The man across from her in the panelled office didn’t look like a murderer, but she knew from experience they mostly didn’t. Murderers, that was. He was short, portly, with a cherubic face and those ridiculous glasses. Dress him in a tuxedo and he’d be a dead ringer for a penguin.
“Yes, er, well…” He found the thread of his thoughts again. “She passed two weeks ago, you see.”
Lauren raised an eyebrow. She found it very effective at getting people to keep talking, while words made them lose their place. He obediently kept going with his story. “I live with… lived with her. I have always, except for one time…” He looked away, briefly, and she sensed that while there was more story there, it didn’t seem to pertain to the case in front of her. “We shared bank accounts.”
“And you are uncertain if you can withdraw funds?” She asked when he fell silent. That was simple enough, and certainly not unprecedented.
“Oh, no, the executor assures me that my salary… oh, I should explain that I was paid for her care, of late. Anyway, I was assured that until the will is probated, I may continue to draw my salary. And I am the sole heir, so it matters little once probate is complete.”
“So what is the crime?” Lauren was feeling wasted time trickle past with more than a little impatience.
“Well, I’m not sure it is a crime.” Gaush stared at her for a long moment. Then he blinked, and went on. “You see, yesterday morning a very large sum of money was deposited into that account.”
“I see.” Lauren wasn’t sure what, but she did understand his concern. “Have you spoken to the bank, Mr. Gaush?”
Perhaps he wanted to know if it were legal to simply stay quiet and hold onto the funds.
“Oh, yes. I keep track of it online, and I went right over to my bank when I saw it. They were able to tell me that it wasn’t a mistake, and the monies originated via a wire transfer from the Caymans.”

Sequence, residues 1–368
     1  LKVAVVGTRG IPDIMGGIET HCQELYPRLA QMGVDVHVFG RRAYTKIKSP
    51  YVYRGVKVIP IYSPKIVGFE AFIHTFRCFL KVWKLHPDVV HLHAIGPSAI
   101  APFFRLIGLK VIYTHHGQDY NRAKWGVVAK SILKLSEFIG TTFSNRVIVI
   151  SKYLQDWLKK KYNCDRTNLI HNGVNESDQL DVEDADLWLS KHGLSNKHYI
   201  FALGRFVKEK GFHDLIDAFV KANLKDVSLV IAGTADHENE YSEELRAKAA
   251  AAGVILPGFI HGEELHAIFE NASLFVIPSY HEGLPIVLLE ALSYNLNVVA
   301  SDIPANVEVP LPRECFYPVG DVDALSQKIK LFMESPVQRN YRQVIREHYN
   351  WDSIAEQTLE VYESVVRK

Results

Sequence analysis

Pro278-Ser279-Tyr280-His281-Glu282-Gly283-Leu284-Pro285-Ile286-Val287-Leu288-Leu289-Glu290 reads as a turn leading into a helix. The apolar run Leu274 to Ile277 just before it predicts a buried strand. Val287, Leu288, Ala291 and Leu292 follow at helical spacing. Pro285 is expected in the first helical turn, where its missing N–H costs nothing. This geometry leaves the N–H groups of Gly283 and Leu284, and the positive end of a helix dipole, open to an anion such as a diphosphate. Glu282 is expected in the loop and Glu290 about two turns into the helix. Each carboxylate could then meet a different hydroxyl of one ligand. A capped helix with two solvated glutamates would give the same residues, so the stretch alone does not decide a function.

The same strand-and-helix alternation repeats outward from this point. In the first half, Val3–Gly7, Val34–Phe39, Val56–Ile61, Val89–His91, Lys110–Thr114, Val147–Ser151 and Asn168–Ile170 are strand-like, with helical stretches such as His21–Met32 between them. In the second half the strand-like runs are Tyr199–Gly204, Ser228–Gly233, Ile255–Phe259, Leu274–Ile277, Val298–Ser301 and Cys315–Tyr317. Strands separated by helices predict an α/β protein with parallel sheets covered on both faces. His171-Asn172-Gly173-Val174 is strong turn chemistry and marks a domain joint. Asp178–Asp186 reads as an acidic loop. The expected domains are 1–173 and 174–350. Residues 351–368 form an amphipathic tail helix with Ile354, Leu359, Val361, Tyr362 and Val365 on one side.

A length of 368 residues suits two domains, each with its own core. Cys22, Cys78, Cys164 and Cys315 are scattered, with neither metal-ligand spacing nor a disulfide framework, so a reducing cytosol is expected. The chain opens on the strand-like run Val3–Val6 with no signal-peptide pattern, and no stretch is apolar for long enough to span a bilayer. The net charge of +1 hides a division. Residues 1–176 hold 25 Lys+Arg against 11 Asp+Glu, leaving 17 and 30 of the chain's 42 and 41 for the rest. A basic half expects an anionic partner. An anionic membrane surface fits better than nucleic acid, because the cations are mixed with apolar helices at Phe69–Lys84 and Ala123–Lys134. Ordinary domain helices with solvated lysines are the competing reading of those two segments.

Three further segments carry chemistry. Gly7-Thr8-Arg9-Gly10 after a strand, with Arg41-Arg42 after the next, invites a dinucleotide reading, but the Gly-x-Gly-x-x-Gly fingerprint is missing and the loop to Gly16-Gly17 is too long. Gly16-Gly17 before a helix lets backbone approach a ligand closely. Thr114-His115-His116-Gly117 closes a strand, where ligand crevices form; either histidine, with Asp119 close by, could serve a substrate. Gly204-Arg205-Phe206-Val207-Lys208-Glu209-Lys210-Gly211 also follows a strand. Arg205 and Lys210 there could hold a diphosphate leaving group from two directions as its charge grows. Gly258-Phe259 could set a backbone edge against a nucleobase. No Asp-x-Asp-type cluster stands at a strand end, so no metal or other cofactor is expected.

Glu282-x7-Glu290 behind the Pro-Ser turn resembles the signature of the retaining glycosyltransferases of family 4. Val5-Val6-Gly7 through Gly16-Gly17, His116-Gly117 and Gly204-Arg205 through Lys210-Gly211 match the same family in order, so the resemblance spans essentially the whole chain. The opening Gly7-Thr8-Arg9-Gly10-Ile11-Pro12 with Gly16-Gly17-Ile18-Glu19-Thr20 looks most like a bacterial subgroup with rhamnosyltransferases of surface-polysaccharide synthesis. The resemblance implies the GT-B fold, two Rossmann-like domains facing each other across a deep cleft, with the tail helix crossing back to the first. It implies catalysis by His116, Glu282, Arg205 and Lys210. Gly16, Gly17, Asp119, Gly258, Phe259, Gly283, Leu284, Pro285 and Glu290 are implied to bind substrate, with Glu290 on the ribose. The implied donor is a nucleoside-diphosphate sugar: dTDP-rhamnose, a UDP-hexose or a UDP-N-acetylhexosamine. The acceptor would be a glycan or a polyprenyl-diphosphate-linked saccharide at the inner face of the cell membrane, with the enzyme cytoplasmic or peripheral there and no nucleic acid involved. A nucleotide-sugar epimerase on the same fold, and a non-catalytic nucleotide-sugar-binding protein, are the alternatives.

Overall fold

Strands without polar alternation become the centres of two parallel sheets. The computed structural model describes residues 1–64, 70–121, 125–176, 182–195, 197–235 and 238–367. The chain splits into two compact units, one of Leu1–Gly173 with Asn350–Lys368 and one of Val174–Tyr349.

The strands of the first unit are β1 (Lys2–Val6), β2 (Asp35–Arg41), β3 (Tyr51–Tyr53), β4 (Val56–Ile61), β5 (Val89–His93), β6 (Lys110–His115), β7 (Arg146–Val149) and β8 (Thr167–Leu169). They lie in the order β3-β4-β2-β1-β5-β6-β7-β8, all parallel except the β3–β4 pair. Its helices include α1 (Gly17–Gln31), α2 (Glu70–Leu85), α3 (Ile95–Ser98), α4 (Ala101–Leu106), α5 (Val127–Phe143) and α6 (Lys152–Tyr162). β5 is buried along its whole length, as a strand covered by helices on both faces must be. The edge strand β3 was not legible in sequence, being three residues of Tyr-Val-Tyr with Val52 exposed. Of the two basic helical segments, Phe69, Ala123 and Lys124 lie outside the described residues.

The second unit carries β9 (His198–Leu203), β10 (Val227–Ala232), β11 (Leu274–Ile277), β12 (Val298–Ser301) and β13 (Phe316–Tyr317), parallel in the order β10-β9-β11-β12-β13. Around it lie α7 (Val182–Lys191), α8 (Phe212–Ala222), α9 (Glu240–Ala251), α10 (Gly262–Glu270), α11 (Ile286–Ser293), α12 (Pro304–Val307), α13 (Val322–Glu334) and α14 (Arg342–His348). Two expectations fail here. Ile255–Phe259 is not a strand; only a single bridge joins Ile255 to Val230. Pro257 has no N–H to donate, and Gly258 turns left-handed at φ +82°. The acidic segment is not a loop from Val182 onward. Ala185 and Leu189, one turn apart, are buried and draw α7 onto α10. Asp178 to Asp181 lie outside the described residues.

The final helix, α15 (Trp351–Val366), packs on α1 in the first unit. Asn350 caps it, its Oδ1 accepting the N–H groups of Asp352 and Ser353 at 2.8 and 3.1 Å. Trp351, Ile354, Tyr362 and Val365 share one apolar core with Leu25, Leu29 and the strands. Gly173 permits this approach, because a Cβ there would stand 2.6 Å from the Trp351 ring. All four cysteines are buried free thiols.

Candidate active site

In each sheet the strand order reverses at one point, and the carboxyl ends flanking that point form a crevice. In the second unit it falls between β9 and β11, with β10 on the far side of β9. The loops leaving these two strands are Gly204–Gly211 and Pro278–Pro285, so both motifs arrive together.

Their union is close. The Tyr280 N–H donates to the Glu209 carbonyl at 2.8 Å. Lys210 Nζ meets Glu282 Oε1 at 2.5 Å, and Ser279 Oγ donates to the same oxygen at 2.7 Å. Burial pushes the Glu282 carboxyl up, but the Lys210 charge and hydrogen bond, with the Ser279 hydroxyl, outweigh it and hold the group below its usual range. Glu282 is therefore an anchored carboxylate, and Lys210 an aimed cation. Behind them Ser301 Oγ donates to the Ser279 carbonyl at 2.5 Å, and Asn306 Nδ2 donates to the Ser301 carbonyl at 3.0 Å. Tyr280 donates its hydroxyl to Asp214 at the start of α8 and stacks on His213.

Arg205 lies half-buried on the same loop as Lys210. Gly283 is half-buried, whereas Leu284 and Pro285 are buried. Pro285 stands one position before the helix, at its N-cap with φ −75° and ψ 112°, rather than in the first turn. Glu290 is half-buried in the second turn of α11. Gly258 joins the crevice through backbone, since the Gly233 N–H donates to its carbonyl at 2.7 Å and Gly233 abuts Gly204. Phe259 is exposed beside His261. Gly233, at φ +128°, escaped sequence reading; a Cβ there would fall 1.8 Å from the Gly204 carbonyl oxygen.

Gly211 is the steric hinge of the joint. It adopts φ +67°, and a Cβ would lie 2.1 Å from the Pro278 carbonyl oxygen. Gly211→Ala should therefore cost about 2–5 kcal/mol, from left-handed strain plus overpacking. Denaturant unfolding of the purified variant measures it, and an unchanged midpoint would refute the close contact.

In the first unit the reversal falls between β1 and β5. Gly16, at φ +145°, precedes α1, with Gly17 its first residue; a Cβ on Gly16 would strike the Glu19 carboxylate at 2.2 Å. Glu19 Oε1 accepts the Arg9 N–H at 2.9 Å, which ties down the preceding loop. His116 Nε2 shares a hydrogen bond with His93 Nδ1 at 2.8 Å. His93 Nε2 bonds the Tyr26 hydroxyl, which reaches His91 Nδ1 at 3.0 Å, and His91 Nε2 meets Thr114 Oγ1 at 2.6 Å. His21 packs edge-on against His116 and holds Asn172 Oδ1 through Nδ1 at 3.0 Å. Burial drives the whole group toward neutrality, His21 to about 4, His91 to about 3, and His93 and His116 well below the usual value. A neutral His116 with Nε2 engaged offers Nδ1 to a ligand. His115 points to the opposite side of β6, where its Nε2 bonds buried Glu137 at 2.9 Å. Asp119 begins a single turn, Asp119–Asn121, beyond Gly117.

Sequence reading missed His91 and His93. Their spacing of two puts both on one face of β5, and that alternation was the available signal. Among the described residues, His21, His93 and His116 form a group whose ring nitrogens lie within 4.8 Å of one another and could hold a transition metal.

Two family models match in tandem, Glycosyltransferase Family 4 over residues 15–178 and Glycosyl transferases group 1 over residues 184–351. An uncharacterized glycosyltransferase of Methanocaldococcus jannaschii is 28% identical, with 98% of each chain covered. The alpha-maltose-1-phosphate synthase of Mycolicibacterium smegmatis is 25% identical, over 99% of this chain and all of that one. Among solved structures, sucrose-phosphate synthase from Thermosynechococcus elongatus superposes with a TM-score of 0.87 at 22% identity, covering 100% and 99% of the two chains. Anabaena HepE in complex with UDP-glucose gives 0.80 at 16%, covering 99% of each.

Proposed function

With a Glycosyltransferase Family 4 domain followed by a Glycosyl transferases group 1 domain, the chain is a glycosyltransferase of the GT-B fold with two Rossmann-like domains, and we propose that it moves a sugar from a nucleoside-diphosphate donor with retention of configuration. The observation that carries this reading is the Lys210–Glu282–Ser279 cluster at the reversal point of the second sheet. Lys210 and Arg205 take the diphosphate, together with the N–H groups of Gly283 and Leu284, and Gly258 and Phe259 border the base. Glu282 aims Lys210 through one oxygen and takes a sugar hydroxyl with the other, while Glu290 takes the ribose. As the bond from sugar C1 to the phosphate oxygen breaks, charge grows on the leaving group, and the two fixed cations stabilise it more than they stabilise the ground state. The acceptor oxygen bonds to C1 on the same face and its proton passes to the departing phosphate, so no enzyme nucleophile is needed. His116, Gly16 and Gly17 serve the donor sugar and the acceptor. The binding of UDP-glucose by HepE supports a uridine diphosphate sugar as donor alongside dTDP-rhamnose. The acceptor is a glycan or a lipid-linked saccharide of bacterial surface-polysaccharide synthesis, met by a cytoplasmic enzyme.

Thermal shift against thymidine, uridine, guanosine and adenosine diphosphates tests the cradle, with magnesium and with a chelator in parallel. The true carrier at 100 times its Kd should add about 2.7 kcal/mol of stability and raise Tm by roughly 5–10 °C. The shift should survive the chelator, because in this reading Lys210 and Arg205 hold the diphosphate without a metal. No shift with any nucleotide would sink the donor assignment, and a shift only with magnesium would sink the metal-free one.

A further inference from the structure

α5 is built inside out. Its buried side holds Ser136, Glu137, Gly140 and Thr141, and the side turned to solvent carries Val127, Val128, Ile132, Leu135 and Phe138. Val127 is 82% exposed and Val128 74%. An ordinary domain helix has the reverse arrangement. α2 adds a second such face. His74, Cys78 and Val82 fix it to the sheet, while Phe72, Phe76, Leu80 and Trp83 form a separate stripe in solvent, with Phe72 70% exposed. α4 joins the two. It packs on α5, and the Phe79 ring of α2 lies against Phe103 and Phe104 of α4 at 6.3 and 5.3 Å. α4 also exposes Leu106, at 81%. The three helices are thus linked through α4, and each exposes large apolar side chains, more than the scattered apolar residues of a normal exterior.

Lauren wasn’t up on her non-extraditing countries and banking shelters, but it seemed to her that the Caymans were considered one. It was unlikely that it was an insurance payout, in that case. She asked anyway, but he simply shook his head. “I have all her papers, and there was an insurance, a small one, but it will not be paid until after probate.”
Well, then. This was interesting. She leaned forward over the desk. “Mr. Gaush, what is it you would like me to do for you?”
He settled back into the chair, and a hint of a smile swept over his lips so quickly she nearly missed it. “Why, Miss Middling, I’d like you to find out where it came from. Then, if it is a crime, we shall report it.”
Lauren pulled open a drawer. “I will conduct a preliminary investigation before I commit to a full-scale one. You are not,” She looked at him through her lashes, sternly, “my only client.”
She put the contract on the table between them. “My usual rates are $100 an hour plus expenses.”
“Oh, you misunderstand me.” William Gaush changed visibly before her eyes. He leaned forward, almost across the desk. His eyes were very bright behind his glasses. “If you discover that it is fully legal, I shall split the funds with you. Half and half. If they are illegal…” He shrugged and leaned back. “I shall of course pay you the going rate. But I must have a full investigation, no half-measures.”
“Really, Mr. Gaush,” Lauren was done with the little man, and ready to politely eject him from her office and life.
He interrupted her. “Perhaps you would like my bonafides.”
He opened the soft attache case he’d carried in and leaned against the chair leg. The piece of paper he extracted was slid across the desk top alongside Lauren’s contract. She turned it over.
Despite her best intentions, she gasped. It was the statement from his bank, with the amount of the deposit neatly highlighted in bright yellow.
He was leaning back in her chair, now, with a definite air of the cat who’d been in the cream on his face. “I am told you are an up-and-coming investigator, once a bright young lawyer, but now perhaps…” He waved his hand to indicate the small office. “Despite the brave front, struggling a little to make your brand-new agency get off the ground. Five million dollars would be quite the injection of capital.”